Someone asked the lieutenant where he was from—a staple of any US news report is always the home town of the soldier quoted, something that I, working for the French, didn't really care about.
“Rosswell, New Mexico,” he said, and there was an uncomfortable silence as we all stared at each other. “Please, no jokes,” he finally said.
And of course the guy from Fox news does exactly that, asking him about aliens. The lieutenant’s face remains impassive as he leads us up to the roof.
As we pass the second floor, I can see the cots of the two platoons of marines who live here and guard the city hall—young kids, wouldn’t have looked out of place in the 7/11. I hear a guy on the phone “10 guys in ski masks two blocks over, okay we’ll check it out.”
The roof was eerily peaceful. At each corner were little concrete watch towers where marines scanned the weirdly quiet town of Ramadi. Copeland told us how the sniper fire and mortars usually started around noon, and was a little heavier on days like today when there was a meeting with tribal leaders.
He knelt on the roof, gun ready, and explained to us his mission and noted how Ramadi used to be home to artillery school of Saddam’s old army, perhaps explaining why they were so good with their mortars. “It’s just short of total war out here,” he said.
That was definitely not in the press release.
My helmet was giving me a splitting headache and my knees ached from kneeling for so long—I don’t know how the lieutenant could do it—and I just wanted to get off that roof.
We went downstairs finally to attend the reason for the whole trip, a meeting between tribal and religious leaders, the governor and the marines.
This was the way out, this was the plan for the future. Apparently after months of this mutually destructive stalemate, one of the tribal leaders had approached the marines and asked them, hypothetically speaking, what we need to do to make you leave?
The result was these meetings, which were apparently bearing fruit, hence the decision to allow the press to attend. Except they also allowed the Iraqi defense minister to attend and he doesn’t seem to have been briefed.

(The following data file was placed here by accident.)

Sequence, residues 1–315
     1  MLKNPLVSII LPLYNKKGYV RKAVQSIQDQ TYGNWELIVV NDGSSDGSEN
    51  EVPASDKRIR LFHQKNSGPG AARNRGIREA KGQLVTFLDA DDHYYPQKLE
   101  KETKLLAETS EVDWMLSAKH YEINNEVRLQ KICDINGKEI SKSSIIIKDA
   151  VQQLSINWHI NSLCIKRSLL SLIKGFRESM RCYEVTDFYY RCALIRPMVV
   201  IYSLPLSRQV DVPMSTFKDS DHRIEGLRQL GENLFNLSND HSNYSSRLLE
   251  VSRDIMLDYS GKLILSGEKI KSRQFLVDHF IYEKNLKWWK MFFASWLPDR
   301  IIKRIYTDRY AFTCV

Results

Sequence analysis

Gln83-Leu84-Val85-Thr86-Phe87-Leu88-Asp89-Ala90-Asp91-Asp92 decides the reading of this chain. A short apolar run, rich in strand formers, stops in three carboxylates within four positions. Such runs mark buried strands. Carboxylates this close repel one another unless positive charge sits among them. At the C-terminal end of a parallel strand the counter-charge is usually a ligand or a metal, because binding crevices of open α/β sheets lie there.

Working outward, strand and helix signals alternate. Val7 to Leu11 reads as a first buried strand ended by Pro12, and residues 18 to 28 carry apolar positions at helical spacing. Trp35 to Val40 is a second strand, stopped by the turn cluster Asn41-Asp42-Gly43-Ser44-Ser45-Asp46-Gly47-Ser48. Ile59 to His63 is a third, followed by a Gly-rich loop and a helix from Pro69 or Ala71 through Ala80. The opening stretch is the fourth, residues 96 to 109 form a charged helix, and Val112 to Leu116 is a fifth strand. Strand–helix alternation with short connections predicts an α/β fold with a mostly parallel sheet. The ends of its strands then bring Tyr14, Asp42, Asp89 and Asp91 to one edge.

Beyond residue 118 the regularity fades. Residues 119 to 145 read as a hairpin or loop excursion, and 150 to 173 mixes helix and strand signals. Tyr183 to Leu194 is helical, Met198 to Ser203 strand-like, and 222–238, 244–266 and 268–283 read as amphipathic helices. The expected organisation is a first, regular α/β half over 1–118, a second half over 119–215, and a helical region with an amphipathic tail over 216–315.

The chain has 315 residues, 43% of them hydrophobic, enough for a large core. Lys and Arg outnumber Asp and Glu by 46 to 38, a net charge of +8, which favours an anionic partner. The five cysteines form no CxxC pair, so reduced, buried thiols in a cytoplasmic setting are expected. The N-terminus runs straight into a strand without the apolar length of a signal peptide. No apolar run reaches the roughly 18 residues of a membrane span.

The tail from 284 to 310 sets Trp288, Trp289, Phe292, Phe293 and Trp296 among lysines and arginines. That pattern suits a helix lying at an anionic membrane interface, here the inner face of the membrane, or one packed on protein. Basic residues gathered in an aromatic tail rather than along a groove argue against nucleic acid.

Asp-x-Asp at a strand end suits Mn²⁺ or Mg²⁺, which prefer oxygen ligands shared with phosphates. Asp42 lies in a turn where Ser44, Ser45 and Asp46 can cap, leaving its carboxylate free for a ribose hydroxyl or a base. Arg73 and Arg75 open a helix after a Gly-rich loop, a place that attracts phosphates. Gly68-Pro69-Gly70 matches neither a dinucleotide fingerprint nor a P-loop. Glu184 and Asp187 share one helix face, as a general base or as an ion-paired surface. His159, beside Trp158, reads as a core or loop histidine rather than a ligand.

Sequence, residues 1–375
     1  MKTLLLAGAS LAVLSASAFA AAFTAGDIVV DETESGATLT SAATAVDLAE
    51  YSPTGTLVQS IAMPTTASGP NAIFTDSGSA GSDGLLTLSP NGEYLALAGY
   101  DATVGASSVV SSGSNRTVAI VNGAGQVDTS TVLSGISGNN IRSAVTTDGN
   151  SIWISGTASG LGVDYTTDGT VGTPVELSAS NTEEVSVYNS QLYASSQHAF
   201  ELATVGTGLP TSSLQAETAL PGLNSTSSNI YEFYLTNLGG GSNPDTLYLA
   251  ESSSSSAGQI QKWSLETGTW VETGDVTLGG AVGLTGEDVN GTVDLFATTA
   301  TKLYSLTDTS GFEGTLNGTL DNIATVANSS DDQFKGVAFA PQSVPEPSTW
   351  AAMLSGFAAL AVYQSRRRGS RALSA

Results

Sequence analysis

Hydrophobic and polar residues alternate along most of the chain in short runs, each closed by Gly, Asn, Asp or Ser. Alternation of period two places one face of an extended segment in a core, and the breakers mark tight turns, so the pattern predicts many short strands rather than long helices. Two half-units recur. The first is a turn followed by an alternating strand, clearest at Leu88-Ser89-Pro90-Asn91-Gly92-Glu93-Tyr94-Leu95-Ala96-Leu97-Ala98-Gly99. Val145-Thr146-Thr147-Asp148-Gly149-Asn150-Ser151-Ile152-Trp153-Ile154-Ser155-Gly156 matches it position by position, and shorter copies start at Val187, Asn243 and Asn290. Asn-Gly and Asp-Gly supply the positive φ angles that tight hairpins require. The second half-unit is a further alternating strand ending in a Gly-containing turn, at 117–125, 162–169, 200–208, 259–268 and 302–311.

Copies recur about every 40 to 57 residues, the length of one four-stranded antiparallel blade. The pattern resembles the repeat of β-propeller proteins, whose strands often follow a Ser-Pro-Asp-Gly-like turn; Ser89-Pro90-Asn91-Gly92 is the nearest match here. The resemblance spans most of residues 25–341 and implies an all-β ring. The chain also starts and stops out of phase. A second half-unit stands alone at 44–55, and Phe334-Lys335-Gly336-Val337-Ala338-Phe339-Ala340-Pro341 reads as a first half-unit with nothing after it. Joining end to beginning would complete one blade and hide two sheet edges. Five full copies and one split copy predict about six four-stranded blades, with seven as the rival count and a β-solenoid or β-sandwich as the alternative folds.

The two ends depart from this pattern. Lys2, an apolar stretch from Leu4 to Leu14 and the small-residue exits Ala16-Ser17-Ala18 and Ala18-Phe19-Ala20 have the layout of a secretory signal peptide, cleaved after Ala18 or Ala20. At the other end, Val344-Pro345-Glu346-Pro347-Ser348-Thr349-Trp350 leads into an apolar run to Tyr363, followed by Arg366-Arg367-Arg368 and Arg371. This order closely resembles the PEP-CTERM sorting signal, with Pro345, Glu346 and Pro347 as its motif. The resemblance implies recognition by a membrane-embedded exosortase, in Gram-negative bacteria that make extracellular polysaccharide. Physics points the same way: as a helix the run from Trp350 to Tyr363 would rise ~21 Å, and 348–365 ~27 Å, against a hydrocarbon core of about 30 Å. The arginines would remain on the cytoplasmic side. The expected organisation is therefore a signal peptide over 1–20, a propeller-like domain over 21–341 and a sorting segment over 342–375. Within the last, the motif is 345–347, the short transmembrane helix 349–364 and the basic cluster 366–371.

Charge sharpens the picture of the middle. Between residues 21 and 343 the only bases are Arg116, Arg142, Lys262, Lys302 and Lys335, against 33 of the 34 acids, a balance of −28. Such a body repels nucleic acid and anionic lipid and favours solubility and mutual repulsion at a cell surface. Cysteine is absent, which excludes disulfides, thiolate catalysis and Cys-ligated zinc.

So the tribal leaders said, here’s our idea, we recruit our own army unit from locals of the province and they can provide security. Now there is already a division of the Iraqi army in the area, but, as we found out earlier that day when we visited their camp, they are almost entirely Shiites from the south.
The Sunnis of the west are not too keen on the Shiites, so they had this great idea for their own brigade.
The defense minister, a Sunni academic with no military experience who was the only guy who’d accept the job, abruptly interrupts their speech and rejects their idea out of hand and then criticizes them all for harboring terrorists and not apologizing for the Amman bombing.
Well, that didn’t go over well and things started getting REALLY interesting when suddenly General Casey, ordered the press out of the building, resulting in a collection of extremely annoyed journalists clutching their helmets and flak jackets and wondering what we’d traveled all the way out to this hellhole for.
Our spritely public affairs officer briefly quailed before the combined wrath of the press corps before falling back on that age old ploy: “you guys hungry? How about some MREs?”
So soon we were ravenously tearing into plastic packages of pre-prepared food, still grumbling about our treatment. There were some other army types in the room joking with the Fox News guy, but I didn’t pay much attention to them.
Later I found out they were Fox News as well, though totally kitted out as US soldiers, complete with camouflage, and the lead reporter was none other than… Oliver North.
I was in the same room with Oliver North, that towering shameful figure of my high school years, and I didn’t even know it. Fox News had Oliver North, one of the most famous public liars in US history, as its embedded reporter in Ramadi.
So now America would be learning about Ramadi from Oliver North. I almost didn't notice the somber shattered city as our convoy drove back to the base.